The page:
History Bollywood style: The Three Khans

EducationWorld June 2022 | Books Magazine

The Three Khans, written by Kaveree Bamzai, published by Westland books publications is priced at Rs.599. A compelling narrative of the careers of Bollywood’s three Khans — major figures of the Hindi film industry

Ramachandra Guha is one of few historians to have considered with any degree of seriousness the role of Hindi cinema in keeping India’s chaotic diversity together. Kaveree Bamzai’s engaging book extends Guha’s basic premise by examining the creation of a shared cultural space, even as it compellingly traces the journey of Bollywood’s three Khans — Aamir, Shahrukh and Salman — major figures in the Hindi film industry and a globalising India. Not only has Hindi cinema produced a shared vocabulary of visual aesthetics, music and aspirations, but its evolving ideas of heroism are embodied in the person of male protagonists who have given form to the deepest desires of a generation.

Bamzai cites scholarly studies on subjects of politics, economy and culture, deftly marshalling her resources as she negotiates the complex political terrain of recent history from 1980 to the present, foregrounding the three Khans as they emerge from these times and go on to redefine stardom, each in his own unique fashion.

That Hindi films are an accurate guide to the nation’s changing political contours is a thesis made conclusively in several studies. Stars double up as characters in films and as embodiments of the most desirable political qualities current for the times. If Raj Kapoor and Dilip Kumar were distilled expressions of Nehruvian socialism and secularism, Rajesh Khanna represented the romanticism of the 1960s. The rise of the brooding, angry hero Amitabh Bachchan’s persona reflects the angst of India’s troubled 1970-90 era.

In the mid-eighties, Bamzai engagingly writes, a beleaguered nation rediscovered youth and aspirational desire in prime minister Rajiv Gandhi. Political and economic reforms resulted in the technology boom that changed the shape of business and communication, and marked the heady beginnings of conspicuous consumption in sync with globalisation.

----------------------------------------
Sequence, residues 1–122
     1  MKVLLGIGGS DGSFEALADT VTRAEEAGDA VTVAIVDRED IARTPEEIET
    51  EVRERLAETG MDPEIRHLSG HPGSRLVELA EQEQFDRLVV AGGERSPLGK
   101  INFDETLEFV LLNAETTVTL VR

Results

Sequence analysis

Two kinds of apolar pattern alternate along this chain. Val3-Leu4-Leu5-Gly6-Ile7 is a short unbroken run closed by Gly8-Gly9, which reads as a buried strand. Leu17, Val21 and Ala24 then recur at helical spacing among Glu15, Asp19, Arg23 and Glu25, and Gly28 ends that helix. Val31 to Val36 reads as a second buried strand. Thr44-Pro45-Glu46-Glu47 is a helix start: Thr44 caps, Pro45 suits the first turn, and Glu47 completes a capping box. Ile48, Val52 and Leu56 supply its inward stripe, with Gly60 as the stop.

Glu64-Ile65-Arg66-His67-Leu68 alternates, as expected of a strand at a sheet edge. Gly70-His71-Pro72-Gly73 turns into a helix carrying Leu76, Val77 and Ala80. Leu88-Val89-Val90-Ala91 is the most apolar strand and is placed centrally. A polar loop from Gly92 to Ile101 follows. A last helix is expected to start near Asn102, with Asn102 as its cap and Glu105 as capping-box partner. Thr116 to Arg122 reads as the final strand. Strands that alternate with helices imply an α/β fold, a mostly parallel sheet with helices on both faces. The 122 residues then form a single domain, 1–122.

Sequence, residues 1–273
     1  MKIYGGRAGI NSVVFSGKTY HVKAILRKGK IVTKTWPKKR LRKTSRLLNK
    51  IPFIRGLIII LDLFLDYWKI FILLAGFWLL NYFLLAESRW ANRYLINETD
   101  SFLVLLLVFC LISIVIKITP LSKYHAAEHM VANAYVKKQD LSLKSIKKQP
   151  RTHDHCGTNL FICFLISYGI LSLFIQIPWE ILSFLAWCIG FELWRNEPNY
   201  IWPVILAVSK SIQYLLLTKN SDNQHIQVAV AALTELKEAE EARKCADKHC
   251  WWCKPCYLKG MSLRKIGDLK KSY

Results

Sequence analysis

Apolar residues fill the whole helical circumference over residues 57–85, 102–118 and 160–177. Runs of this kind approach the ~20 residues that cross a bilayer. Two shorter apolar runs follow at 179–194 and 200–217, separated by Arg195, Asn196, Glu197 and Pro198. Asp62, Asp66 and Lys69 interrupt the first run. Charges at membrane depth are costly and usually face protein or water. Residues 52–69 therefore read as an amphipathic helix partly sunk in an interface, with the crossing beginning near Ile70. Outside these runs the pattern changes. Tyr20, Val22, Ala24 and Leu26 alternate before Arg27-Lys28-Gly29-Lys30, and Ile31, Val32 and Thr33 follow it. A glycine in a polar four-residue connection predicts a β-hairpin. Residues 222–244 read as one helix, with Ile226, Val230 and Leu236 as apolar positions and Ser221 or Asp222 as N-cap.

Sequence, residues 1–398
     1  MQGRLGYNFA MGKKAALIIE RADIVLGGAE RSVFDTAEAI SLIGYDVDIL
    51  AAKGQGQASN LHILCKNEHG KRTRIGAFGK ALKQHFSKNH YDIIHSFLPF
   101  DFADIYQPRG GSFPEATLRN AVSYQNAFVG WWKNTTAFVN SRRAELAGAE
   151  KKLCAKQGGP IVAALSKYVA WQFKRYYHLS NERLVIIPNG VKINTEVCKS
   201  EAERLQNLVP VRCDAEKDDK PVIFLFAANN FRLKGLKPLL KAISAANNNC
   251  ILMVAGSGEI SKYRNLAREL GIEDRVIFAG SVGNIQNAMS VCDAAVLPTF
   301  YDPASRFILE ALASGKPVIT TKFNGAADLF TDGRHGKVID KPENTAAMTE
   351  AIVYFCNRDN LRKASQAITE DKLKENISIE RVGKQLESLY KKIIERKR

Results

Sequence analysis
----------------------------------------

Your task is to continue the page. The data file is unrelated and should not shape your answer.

The films of Shahrukh, Aamir and Salman during these years define expectations of the times, as well as the imminent disappointment and eventual lost sheen of these promises. Woven into the narratives of several characters enacted by these stars is the subterranean story of the times told through the unfolding events of their films.

Though the three Khans are assessed collectively, their individual careers even as they correspond to the same timeline, trace different graphs of success and celebration.

Aamir Khan was the first to acquire fame in his uncle Mansoor Khan’s production Qayamat se Qayamat Tak (1988). This film, argues Bamzai, subtly redefined gender dynamics through its portrayal of a younger and softer hero who is the object of desire of its ‘innocent yet determined’ heroine.

Salman Khan whose first hit came with Maine Pyar Kiya (1989), a movie that correlated blatant consumerism with the Hindu joint family, carried the burden of awareness that the other Bandra boy Aamir, whom he had met occasionally, was already a star.

Distant from both these two young men was Shahrukh. Unlike Aamir and Salman, he had only known the world of theatre in Delhi and had no association with the film industry. His career started as a small-time actor in television shows. Shahrukh’s early films Raju Ban Gaya Gentleman (1992) and Kabhi Haan Kabhi Naa (1994) perhaps mirror his own struggle as an ambitious youth thirsting to rise quickly in his career and gain fame and fortune.

In aspirational India set into momentum by the last decade of the 20th century, the state was the enabler of the burgeoning middle class. The effect of this phenomenon was a new hero representing creamy top layer society and the glitz of India shining. Not surprisingly, film plots turned away from the pressing concerns of the rural and urban poor, even as the single screen theatre gave way to the comforts of the multiplex catering to its well-heeled clientele unwilling to rub shoulders with the hoi polloi.

In the last few years, the Khans have had to face a string of films that failed at the box-office. Younger male leads are closing in on the race to stardom, even as older contemporaries such as Akshay Kumar continue to have an effective presence, perhaps a result of courting political patronage.

Shrill and orchestrated campaigns on television and social media platforms are targeting the Khans’ religious identities. In changing modes of how entertainment is produced and consumed, it remains to be seen if the ageing Khans can reinvent themselves again in the face of competing OTT platforms that restrain the erstwhile reach of cinema; and also at times when democratic processes and guarantees, which underpinned the shared cultural space that is Bollywood cinema, are eclipsed by the untrimmed ambition of political stardom.

Rohini Mokashi-Punekar (The Book Review)

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